I don’t really mind so long I am still playing here. That’s the greatest blessing just to be able to come out and play everyday. At this point, it’s spring, extended spring and short-season. Roberto: Is Anaheim in the future? Alex: I just want to get there. It doesn’t matter when. I just want to make the big leagues. That’s why I am here. That’s why I was signed because somebody thought that I could make the big leagues. That’s just what I want to do. Doesn’t matter when, doesn’t matter who for—whether it be Anaheim or New York—it doesn’t matter. I just want to get there. Roberto: Are you looking forward to pitching for the Melbourne Aces in the 2012-13 Australian Baseball League season? Alex: I think by the end of the season, I might want a little break. I might take a couple weeks off, but I would like to play as many series as I can play with them. I would love to go over and play whatever role Melbourne Ace manager Phil Dale puts me into. Really, I would like to play as much baseball as I can.
Roberto: Any words of encourage or advice for up-and-coming baseball players worldwide? Alex: Never give up. There is always setbacks, but you have got to keep going through the setbacks. I have been lucky. I haven’t had many injuries or anything,
I know some guys that have, and they are still where
I am. The thing is every time you have a setback, you just have got to keep going. Get through, get to the next little bit. Set yourself goals, get to the next little section. For me, my next section is to get through spring healthy and hopefully not giving up too many runs. I don’t expect much from myself at this point, but I mean once I get an idea where I am at extended spring camp then I will set myself some good goals. You know, like I may not want to give up more than one hit for every two innings or something like that. You really have got to set specific goals and when you get those goals—reward yourself! Maybe instead of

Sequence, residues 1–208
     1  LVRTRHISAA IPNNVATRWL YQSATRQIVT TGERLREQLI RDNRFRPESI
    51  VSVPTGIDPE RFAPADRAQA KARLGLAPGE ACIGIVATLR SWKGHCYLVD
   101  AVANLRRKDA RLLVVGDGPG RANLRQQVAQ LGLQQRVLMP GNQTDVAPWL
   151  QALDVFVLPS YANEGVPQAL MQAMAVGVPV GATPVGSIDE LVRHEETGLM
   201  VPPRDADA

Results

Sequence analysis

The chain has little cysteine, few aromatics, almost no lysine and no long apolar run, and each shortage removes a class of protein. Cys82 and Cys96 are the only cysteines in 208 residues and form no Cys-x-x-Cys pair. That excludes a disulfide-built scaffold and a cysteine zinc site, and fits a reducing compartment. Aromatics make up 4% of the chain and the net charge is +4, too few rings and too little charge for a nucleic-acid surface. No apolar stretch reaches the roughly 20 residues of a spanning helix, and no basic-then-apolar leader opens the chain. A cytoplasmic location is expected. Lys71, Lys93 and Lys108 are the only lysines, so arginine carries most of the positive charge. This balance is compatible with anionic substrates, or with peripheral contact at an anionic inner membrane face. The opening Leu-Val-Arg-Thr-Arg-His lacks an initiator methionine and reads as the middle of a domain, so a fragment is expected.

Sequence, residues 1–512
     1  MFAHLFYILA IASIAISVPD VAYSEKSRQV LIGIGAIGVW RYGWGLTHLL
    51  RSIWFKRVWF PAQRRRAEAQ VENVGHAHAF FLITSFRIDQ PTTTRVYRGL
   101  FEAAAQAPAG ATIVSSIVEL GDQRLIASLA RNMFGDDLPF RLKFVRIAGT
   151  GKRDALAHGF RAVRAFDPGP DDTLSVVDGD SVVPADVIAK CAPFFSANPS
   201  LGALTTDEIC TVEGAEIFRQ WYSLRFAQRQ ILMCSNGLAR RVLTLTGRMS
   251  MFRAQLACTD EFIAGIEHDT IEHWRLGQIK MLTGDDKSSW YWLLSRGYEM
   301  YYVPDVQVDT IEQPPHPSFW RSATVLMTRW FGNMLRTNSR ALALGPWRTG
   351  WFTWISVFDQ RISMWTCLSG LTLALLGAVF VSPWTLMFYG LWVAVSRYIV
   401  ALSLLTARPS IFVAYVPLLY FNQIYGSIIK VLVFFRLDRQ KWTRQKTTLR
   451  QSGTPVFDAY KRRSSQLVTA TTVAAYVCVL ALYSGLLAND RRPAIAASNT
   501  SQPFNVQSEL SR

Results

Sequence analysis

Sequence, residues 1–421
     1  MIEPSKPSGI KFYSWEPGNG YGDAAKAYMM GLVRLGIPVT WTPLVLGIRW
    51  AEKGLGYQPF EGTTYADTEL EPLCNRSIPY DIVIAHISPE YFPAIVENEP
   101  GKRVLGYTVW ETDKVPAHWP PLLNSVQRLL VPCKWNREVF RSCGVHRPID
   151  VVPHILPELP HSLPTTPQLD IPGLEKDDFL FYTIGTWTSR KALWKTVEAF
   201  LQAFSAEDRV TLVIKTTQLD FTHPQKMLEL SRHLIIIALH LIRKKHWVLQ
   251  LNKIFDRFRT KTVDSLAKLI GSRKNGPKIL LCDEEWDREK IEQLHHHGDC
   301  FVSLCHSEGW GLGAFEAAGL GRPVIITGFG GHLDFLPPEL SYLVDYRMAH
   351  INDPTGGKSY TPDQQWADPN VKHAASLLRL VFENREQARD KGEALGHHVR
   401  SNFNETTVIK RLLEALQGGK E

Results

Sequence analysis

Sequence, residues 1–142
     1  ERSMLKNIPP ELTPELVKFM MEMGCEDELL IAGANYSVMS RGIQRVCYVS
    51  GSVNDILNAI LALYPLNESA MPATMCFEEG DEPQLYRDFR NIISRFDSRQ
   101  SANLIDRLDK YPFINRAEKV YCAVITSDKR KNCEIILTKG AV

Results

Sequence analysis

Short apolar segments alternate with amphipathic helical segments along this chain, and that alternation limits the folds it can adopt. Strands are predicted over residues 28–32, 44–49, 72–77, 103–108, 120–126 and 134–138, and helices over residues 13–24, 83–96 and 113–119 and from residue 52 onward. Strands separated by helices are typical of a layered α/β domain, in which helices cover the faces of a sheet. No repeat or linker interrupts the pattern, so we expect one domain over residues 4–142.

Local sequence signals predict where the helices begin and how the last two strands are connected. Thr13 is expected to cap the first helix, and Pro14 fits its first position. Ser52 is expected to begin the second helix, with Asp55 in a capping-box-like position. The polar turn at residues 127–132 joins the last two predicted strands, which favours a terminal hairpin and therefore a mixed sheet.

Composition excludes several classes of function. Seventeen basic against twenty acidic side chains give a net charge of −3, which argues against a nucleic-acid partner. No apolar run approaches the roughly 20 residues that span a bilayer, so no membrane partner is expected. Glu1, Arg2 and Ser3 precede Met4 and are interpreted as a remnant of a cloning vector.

just running around your block–you’ll go for a run to the beach. You have always got to have those goals, and at the end of those goals you have got to have a goal to look forward to.Roberto: So have some immediate short-term goals leading to long-term goals? Alex: Yeah, for me where I live at the bottom of the hills there is a place called the 1000 steps. Instead of my normal running, you know, it got a little bit boring so after I had a good outing I would go there. If I was starting, I would say that I wanted to get through five innings and only give up two runs or just be in a leading position coming out when I leave the game. If I got that, then I could go up to the 1000 steps and do my running because it’s a beautiful rainforest which is a bit cooler and a really nice place to run. That was my reward. Or just about anything that I looked forward to. Roberto: What about the growth of Aussie baseball with the injection of the MLB-sponsored Australian Baseball League (ABL) and the MLB Australian Baseball Academy? Alex: In terms of the fanbase, with the ABL in place it has just exploded. It still has a long way to go. As far as the MLB Australian Academy, you can look at how many guys have been signed since the program started… My year alone 12 guys were signed and the year before me was even better. Everyone of them has been through the Academy multiple years. It’s getting the results. Roberto: Any words for your friends and family back home? Alex: Missing you guys. I’m doing you proud! Despite Red Hot Chili Peppers’ Flea and redhead Alex Da Silva ending up on opposing sides of LA baseball, their love for Melbourne is skin deep. On game day when LA Angel pitching prospect Da Silva gets ready for a start, he pumps up the volume with some of his favorite jams from Red Hot Chili Peppers and Rise Against. When Chili Pepper bassist Flea wants to get fired up before a big concert, he watches Matt Kemp and the Los Angeles Dodgers. Regardless how these two individuals mentally prepare for their performances, both are professionals grounded and undeniably connected by their Australian blood.